Beyond the Shy Tory phenomenon

11 May 2015

 

Over the coming week, analysts will be slicing and dicing the election results furiously to explain to the people why, despite all talk of ‘the closest election in decades’, we have ended up with a Tory majority government.

 

Some will apportion blame to the pollsters unanimously botching their predictions, some will blame the liberal realm of social media for shrouding perceptions of how right-wing the country actually is. Some may vilify the electoral system itself ("The injustice of it all! We’re a pseudo-democracy!"). But most will embellish the ‘Shy Tory’ thesis that seems to be developing rapidly as a new school of electoral thought.  

 

Fear not though, as I, a 20 year old politics student with no experience, am here to explain the real lesson of the election.  See, it’s not that these analysts are wrong, it’s that they’re not entirely correct at the same time.  If any lesson were to be taken from this election, it would not be that the pollsters are clueless, it wouldn't be that our democratic institution is not so democratic. The most important lesson to be taken from this election is to never underestimate how influenced the electorate are by the narrative of the hegemonic ruling force.

 

The sheer amount of people voting against their own interests is jaw-dropping, with any prompt for their reasoning returning statements resembling the average CCHQ tweet: 'they've got a long term economic plan let them have five more years'. 'We need to bring down the deficit' and one my Backbench colleague Noah Sinn overheard, "we want to stay in Europe but we want a better deal, it's a difficult one. They gotta do something." What this means is that the silent majority have bought into the Tory’s vision of the country and assimilated to their worldview.

 

What I see from this is the 21st century manifestation of Antonio Gramsci's fear: the ruling class presenting ideas as common sense, coercing the masses into believing their vision, a vision far from actually assisting interests of the people. For five years, we’ve constantly been fed the vision of the coalition (which was in practice the vision of the Tories), and with repetition being the mother of all learning, evidently most in our country now subscribe to this worldview.

 

What does this mean for the Shy Tory theory? Well it means that the Shy Tory is not actually a Tory at all. The Shy Tory is simply  a citizen who is impressionable through their environment and surroundings. Hegemony operates culturally and ideologically through the institutions of civil society which characterises mature liberal-democratic, capitalist societies.

 

These institutions include education, the family, the church, the mass media, popular culture, etc. The Tories had the apparatus and infrastructure in place as the hegemonic force to construct a simple narrative that would be repeated over and over, whilst Labour dilly-dallied over a) leadership b) policy c) a narrative. By the time Labour had their message it was too late. Long Term Economic Plan was the flavour of the day and Helping Working People was too enticing an offer to ignore for the average working citizen.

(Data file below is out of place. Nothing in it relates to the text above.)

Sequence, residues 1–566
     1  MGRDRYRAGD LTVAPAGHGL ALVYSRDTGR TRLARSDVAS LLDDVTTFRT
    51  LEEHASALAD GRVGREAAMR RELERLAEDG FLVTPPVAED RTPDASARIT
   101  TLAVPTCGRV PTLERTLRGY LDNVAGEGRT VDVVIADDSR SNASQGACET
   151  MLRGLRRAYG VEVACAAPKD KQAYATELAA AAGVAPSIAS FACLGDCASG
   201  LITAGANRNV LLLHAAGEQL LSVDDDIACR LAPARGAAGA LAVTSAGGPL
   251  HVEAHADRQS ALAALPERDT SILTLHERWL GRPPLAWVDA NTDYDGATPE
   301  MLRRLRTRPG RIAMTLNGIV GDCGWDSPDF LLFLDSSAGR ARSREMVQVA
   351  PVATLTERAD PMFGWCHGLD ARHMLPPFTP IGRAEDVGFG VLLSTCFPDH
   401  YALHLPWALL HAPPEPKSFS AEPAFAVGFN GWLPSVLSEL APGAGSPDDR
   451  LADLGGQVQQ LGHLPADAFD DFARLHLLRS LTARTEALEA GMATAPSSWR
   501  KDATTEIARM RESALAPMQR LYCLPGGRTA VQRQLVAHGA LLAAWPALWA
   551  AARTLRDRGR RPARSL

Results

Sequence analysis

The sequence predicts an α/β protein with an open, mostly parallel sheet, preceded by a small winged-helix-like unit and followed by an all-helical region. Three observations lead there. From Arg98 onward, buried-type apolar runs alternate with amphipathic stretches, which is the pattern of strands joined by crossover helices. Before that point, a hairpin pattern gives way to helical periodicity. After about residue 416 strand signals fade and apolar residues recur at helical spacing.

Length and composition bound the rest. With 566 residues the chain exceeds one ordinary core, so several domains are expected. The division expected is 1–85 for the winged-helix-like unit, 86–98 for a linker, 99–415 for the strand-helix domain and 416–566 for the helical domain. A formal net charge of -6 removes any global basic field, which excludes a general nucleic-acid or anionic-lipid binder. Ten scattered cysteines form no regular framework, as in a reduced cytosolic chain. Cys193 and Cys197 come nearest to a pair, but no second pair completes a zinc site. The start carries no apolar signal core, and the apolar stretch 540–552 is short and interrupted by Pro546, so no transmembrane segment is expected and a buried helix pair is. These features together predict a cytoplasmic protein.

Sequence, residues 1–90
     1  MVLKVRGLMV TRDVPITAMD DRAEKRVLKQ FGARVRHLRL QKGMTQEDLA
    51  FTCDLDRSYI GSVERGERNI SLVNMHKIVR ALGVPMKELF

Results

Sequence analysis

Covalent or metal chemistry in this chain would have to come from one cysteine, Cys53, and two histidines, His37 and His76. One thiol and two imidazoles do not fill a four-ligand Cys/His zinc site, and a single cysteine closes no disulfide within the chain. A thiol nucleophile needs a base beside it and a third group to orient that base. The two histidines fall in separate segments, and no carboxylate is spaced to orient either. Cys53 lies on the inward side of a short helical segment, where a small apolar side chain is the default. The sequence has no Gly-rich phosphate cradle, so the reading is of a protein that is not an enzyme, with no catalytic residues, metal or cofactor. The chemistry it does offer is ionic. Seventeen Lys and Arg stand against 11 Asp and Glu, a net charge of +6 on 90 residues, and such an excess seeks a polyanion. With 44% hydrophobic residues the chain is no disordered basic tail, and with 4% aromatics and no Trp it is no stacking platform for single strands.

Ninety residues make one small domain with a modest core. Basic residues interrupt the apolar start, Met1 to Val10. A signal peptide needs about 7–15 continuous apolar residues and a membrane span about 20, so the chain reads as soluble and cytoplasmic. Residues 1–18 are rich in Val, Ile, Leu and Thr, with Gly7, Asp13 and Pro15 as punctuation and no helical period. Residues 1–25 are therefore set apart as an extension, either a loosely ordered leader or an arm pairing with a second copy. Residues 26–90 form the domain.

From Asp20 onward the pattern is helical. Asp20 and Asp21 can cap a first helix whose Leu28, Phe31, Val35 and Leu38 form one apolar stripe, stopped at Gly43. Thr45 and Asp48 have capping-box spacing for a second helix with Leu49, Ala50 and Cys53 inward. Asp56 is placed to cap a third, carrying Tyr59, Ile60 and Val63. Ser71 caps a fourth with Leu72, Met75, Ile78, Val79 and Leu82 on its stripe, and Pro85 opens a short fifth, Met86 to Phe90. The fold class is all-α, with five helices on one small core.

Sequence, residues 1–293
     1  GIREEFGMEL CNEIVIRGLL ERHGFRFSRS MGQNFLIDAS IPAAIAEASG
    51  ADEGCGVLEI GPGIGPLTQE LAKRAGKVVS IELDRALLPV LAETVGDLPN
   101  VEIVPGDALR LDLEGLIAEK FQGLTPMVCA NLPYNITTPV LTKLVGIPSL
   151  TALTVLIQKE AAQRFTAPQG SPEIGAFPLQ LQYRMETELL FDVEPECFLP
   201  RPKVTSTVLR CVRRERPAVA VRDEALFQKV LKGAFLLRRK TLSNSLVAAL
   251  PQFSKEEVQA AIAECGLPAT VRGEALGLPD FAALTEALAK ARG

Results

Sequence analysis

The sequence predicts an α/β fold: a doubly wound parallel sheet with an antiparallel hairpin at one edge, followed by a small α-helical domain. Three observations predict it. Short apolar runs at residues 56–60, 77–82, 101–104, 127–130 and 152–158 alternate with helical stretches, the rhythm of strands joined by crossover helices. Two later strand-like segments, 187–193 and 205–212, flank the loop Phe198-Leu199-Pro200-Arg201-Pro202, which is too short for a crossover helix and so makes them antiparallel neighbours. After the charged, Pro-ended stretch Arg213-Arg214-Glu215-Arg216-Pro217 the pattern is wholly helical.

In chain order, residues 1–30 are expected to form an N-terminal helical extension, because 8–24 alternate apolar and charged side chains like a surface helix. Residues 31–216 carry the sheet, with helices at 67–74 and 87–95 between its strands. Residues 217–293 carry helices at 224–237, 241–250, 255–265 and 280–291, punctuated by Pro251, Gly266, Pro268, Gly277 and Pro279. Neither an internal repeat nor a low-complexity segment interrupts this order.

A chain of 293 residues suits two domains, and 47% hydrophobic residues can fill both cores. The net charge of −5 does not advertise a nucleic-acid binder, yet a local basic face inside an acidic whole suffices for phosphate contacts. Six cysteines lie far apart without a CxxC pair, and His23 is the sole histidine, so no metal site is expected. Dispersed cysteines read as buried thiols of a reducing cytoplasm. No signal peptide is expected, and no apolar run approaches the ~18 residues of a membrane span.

Don’t misconstrue this article as another anti-Tory demonisation, far from it. This article is little more than a beyond the surface critical examination of the state of politics in this country; a real answer as to why the Tories won a majority despite all logic pointing against it.

 

For many, voting Tory was the sensible option: lower taxation/increase in personal allowance, shrinking unemployment improving prospects of a job, or a better job, and deficit reduction enabling state funds in the future to be apportioned to state institutions rather than debt interest. But for many it was against their interests.

 

A wrong result in a referendum on the EU could put this country's economic recovery at risk, those on minimum wage could have benefited from voting Labour with their promise of increasing the rate to £8, and those at risk of cuts could have found safer government hands than those of the Tories. This article is merely an attempt to explain why voters aligned themselves with a platform potentially not in their interests.


Via socialised norms guiding behaviour and thinking, the Tories infiltrated the viewpoint of the impressionable citizen presenting their platform as one of common sense, a viewpoint accepted by the impressionable citizen. It’s not that that pollsters were necessarily wrong, it’s that the voters across all demographics don’t identify as Tories by any means, despite consenting to their vision for the country.

 

The good news for Labour is that their loss is far from terminal, they can combat the Tories at their own game of dispersing ideas reflecting a positive vision for the country; the bad news is that the Tories hold the state apparatus for another five years, another five years for them to produce and reproduce a new message of hope home to the electorate, coercing their consent to the Tory vision of Britain.

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